The really bad news is that things could still get even worse. The next Ofgem price cap setting is in October, just as the cold weather begins to bite and radiators are cranked up in homes across Scotland. The Office for Budget Responsibility expects prices to rise in ­October by £830 – an even greater rise than in April.

Even Kevin Anderson, chief executive of Scottish Power, told a UK Parliament Select Committee that “by October”, with the possibility of tens of thousands of households freezing but in fear of turning on the radiator, the situation will become “horrific”.

For Mitchell, who led cleansing ­workers in a major strike in Glasgow last year, if government inaction continues, it must be met with a collective response from ­workers.

“Rising fuel poverty is going to have a detrimental effect right across the ­working class,” he says. “I would call a general strike to be honest with you, ­because we can’t continue like this.”

Why are prices so high?

SCOTLAND’S energy generation is almost entirely domestic, and 60% of that generation comes from green energy sources. Once installed, renewables have a fuel cost which is effectively zero. That’s why Norway, where 93% of their household heating comes from hydroelectric, has the cheapest energy bills in Europe. So what explains Scotland’s susceptibility to the surge in gas prices on international markets?

Gordon Morgan, a freelance ­researcher specialising in energy, says that the ­difference between Norway and Scotland can be found in “the design of the UK’s energy market”.

First, the wholesale price is determined not by the average price of all forms of energy generation but by the last unit of energy required to meet peak energy ­demand, which in Britain is usually gas.

Morgan says that “the failure to ­reduce demand for heating through ­insulation and establish significant renewable ­energy storage capacity” is now “costing households in high prices”.

Secondly, the UK’s electricity grid is centralised around London and the South East as it was designed for a fossil-fuel era when the closer energy was to big population centres, the cheaper it was to deliver. That design means if you want to connect a wind farm to the grid in the Highlands it will cost money, but to do the same in Devon would see the energy provider given a subsidy.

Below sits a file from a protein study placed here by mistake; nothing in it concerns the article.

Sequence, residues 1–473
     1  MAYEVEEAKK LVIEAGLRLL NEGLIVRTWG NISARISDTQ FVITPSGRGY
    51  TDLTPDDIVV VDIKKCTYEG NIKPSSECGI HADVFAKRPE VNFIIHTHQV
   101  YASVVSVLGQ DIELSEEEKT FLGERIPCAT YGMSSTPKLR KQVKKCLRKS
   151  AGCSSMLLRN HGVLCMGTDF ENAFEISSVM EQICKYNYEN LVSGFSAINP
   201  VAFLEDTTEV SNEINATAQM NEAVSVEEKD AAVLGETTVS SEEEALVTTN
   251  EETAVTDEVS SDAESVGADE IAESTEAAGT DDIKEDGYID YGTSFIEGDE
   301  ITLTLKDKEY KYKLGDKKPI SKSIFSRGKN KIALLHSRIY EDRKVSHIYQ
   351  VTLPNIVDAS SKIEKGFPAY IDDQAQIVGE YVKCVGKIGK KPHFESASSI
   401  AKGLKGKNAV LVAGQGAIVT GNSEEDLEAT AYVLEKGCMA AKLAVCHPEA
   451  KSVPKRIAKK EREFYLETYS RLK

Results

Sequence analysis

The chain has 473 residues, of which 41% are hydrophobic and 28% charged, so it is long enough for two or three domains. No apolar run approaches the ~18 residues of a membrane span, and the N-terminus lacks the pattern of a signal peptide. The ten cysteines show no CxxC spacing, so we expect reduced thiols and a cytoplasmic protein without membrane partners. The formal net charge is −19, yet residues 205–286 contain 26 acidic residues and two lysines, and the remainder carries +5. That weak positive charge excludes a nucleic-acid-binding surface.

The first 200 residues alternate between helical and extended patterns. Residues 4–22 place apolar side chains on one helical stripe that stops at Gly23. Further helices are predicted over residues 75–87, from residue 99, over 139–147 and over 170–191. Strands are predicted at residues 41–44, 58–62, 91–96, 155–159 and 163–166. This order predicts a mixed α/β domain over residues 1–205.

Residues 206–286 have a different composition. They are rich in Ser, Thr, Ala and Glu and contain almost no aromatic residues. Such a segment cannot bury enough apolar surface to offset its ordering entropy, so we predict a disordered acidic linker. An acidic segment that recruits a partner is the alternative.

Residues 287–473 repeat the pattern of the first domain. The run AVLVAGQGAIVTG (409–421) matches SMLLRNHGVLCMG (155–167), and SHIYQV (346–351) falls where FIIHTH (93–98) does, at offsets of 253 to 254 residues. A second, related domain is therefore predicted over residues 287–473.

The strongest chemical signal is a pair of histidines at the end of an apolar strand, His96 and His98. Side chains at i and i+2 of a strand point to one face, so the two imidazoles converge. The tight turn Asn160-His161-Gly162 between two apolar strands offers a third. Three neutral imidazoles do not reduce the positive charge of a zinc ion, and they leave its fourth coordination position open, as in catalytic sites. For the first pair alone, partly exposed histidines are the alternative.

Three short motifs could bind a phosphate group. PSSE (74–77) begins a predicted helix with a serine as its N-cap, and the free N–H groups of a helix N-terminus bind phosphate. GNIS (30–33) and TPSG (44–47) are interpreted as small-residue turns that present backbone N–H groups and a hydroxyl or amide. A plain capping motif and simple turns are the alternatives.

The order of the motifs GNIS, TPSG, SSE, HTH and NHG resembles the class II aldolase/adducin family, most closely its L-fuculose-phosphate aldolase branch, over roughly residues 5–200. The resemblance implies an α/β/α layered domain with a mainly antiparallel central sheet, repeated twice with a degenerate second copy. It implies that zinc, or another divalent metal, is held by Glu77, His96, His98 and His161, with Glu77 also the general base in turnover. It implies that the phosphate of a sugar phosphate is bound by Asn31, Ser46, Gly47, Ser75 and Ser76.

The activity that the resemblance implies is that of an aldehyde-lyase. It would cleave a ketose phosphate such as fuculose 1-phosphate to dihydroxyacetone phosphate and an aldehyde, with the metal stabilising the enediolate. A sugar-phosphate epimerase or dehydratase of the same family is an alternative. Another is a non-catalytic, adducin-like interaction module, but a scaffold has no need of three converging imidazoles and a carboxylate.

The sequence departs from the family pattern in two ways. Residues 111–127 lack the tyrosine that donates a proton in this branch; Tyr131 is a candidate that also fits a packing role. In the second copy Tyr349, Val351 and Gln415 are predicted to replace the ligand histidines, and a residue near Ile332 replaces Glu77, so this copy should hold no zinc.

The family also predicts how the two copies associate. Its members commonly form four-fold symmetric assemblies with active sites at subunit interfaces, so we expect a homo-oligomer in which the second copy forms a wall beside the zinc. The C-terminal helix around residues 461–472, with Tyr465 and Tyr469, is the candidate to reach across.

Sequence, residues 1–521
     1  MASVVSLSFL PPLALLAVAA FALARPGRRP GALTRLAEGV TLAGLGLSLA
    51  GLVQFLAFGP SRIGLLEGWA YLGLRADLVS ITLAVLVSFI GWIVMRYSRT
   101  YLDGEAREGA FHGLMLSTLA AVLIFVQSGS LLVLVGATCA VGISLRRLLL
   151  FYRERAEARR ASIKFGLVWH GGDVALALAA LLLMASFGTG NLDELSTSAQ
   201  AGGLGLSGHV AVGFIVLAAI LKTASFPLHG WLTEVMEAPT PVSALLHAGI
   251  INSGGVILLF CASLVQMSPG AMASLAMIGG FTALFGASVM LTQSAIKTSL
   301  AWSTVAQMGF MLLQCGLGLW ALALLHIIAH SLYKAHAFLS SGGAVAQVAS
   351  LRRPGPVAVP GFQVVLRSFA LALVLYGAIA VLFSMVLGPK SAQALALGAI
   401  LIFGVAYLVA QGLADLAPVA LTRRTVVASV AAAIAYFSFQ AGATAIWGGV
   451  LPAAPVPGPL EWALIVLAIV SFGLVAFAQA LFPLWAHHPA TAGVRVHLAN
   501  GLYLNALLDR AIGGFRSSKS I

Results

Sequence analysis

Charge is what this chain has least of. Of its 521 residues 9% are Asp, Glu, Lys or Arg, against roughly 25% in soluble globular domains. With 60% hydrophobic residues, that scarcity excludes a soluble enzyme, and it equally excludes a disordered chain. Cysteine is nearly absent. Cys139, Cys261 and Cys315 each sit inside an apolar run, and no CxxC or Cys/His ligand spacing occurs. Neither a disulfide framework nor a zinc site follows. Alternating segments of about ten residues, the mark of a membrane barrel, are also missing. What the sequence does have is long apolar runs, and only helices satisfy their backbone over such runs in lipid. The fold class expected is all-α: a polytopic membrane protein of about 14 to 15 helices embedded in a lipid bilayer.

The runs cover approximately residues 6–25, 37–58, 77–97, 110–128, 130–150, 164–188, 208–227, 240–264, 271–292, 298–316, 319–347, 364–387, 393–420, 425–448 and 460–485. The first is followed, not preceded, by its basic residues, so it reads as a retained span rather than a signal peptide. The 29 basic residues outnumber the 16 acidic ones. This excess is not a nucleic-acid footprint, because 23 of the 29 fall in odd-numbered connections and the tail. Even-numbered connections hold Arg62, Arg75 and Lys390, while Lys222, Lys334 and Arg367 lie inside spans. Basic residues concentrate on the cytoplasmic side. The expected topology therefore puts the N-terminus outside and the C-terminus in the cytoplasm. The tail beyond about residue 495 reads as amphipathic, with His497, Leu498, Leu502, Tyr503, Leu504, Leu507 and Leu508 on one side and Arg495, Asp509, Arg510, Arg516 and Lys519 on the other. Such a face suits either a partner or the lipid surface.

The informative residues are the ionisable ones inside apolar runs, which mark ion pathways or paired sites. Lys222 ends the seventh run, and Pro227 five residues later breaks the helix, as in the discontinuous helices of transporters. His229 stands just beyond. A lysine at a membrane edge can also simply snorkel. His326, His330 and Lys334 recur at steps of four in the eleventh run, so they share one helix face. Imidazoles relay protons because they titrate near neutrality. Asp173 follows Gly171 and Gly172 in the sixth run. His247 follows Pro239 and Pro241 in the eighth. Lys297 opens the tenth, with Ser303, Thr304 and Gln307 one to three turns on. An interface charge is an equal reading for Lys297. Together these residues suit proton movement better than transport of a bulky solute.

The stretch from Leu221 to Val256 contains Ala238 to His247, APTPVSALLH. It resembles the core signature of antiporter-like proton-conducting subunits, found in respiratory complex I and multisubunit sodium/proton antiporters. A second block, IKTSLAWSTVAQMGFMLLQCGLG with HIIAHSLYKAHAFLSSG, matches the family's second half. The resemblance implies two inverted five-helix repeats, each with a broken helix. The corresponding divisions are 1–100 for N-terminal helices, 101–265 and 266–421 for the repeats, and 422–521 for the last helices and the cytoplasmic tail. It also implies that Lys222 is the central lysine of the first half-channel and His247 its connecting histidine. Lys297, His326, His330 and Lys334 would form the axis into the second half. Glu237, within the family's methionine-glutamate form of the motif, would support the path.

“If Scotland were a separate ­market, then given we produce enough ­renewables to meet demand here, most of the time electricity prices would be ­lower,” ­Morgan, who has co-authored a paper for the Common Weal think tank on an independent Scotland’s energy ­future, argues.

Finally, energy privatisation, which ­began with the sell-off of British Gas in 1986, has “had a major effect on ­prices over the long-term,” Morgan says. ­Despite the fact that household energy ­consumption has declined since 1996 (the furthest year figures go back to), the price of electricity had risen by a third and the price of gas by over half in real terms by 2019, well before the latest price surge.

‘Hug yer dug’?

IT’S easy for an air of inevitability to seep in around surging energy bills, but we should remind ourselves that it’s not the same everywhere. The French Government has imposed a 4% cap on energy prices in 2022. Morgan says that the main reason the French Government could do this is because “many French energy companies are either fully or partly state-owned”.

That’s not the case here, where more than £1 billion in profit was made by the UK’s “big six” energy suppliers, according to the most recent figures. SSE, the ­Perth-headquartered firm, made pre-tax profits of £600 million, the highest of any of the big six. Alistair Phillips-Davies, CEO of SSE, made £1.6m in the first year of the pandemic. These ­companies have a big cushion to cope with rising gas prices, when millions of Scots just have a hard floor.

In April, members of the Wyndford Residents Union in Glasgow held a “Hug Yer Dug Day” in reference to the SSE’s proposed solutions to the energy price hike. The company had to apologise after encouraging customers to have “a cuddle with your pets”, eat “hearty bowls of ­porridge” and do “a few star jumps” to cope with the cold.

The National: Members of Wyndford Residents Union – previously Wyndford Tenants Union – are among those to have questioned whether the major energy firms are being frank with the reasoning behind spiralling pricesMembers of Wyndford Residents Union – previously Wyndford Tenants Union – are among those to have questioned whether the major energy firms are being frank with the reasoning behind spiralling prices

“That’s why we’re highlighting that by naming this ‘Hug Yer Dug Day’,” ­Stephanie Martin, a Wyndford resident, said at the protest outside SSE’s ­offices. “We want to make a mockery of the ­suggestions just as we feel they made a mockery of us.”

The union claims that when the district heating scheme was installed by SSE and the social housing provider Wheatley Group in 2011, it was told this would ­reduce fuel poverty, but the promises have not come to fruition, and its members too have now been hit by a 50% price hike.

The Wyndford community are not the only Scots with reason to wonder whether the excuses they are being given for surging prices by Ofgem and the big six energy companies really stand-up to scrutiny.